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Home > Crime and Punishment in Durham > Crime
 

 Crime and criminals

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Montage of images showing Mary Ann Cotton and a debtors' petition.

Montage of images showing Mary Ann Cotton and a debtors' petition.

 

 

The eighteenth and nineteenth centuries were times of great change in Britain. The country turned from a predominantly agricultural one to a predominantly industrial one, towns and cities developed quickly and by 1851 more people lived in urban areas than in rural areas. These developments were reflected in other areas of life, including attitudes to crime. As communities fragmented and traditional bonds broke down, there seemed to be an increase in the number of crimes being committed. The authorities responded by putting even more crimes on to the statute book and imposing increasingly harsh punishments for even minor misdemeanours.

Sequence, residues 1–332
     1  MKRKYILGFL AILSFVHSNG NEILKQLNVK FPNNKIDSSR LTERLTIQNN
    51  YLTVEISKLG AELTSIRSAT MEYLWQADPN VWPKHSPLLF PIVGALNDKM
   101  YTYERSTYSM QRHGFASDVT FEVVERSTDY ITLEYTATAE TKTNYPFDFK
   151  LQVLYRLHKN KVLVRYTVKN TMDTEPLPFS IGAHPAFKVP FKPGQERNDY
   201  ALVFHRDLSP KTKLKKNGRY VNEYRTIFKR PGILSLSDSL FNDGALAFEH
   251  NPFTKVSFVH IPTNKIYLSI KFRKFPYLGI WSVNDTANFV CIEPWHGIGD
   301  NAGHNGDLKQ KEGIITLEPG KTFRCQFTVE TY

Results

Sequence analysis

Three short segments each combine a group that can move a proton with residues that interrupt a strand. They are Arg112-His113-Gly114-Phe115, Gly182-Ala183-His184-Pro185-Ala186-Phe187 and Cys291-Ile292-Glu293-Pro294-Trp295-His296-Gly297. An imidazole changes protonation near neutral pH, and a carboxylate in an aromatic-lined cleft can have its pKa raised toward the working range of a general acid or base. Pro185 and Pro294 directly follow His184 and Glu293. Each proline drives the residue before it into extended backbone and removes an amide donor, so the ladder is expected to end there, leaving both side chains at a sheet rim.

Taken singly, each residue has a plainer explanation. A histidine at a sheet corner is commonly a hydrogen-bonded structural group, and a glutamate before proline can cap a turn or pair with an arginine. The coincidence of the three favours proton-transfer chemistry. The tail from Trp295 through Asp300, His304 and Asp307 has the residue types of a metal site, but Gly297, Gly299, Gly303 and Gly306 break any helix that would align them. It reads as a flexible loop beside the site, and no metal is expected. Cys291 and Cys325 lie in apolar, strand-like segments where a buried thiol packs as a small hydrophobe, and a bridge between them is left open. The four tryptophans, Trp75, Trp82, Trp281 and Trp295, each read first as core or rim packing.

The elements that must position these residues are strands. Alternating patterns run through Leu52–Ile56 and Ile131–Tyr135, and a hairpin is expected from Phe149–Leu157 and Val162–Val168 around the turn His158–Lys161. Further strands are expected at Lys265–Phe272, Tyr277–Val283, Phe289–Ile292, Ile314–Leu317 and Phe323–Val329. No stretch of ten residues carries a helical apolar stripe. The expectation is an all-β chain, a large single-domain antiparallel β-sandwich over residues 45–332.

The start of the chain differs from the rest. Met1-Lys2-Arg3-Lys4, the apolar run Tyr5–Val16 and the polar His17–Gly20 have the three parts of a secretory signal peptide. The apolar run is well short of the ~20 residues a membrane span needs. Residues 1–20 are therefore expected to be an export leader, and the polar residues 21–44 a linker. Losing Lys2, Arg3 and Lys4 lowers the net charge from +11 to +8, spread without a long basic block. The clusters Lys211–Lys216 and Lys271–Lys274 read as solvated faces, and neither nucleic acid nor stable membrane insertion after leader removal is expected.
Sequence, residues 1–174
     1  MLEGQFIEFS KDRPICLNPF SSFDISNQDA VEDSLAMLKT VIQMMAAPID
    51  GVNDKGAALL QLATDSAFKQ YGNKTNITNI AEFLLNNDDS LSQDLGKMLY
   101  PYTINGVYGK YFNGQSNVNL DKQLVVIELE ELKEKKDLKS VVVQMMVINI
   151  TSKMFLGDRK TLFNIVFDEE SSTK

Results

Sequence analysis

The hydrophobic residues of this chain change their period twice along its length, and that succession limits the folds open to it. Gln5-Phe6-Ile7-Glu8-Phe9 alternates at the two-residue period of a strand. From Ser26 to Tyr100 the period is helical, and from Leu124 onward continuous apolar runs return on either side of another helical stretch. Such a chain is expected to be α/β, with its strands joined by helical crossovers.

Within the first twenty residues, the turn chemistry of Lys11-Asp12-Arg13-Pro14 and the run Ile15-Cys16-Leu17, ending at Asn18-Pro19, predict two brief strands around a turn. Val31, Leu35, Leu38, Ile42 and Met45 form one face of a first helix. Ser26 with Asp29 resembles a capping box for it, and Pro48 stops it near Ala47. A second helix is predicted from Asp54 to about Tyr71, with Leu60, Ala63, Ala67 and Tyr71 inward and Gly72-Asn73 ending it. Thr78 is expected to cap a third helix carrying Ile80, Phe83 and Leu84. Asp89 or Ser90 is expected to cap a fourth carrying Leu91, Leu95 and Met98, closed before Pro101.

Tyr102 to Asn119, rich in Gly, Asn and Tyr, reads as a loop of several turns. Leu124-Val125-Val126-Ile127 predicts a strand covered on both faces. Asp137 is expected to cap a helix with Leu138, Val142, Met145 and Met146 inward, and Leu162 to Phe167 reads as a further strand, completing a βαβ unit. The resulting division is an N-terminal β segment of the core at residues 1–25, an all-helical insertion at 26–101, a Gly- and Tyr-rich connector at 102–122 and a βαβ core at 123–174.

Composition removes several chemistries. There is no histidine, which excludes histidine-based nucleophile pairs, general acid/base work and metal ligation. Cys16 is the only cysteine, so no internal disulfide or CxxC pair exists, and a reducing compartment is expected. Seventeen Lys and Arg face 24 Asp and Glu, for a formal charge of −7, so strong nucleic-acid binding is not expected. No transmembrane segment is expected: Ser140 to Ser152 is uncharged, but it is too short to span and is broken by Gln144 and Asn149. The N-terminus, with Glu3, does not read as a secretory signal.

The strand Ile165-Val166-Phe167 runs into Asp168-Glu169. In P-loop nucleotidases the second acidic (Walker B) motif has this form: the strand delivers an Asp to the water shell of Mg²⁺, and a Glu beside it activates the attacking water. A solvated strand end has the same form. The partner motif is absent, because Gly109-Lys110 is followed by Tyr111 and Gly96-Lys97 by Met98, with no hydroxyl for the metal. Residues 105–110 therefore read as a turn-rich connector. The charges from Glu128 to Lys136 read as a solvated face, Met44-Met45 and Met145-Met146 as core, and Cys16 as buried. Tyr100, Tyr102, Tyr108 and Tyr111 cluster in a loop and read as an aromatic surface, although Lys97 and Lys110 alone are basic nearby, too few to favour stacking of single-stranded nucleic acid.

In order to find out more about crime and attitudes towards criminals in the period between 1750 and 1900 we are going to look at the treatment of debtors, sabbath breaking, robberies and the notorious serial killer, Mary Ann Cotton.

Find out more about debtorsFind out more about Sabbath breakingFind out more about robberies

Find out more about Mary Ann Cotton

 

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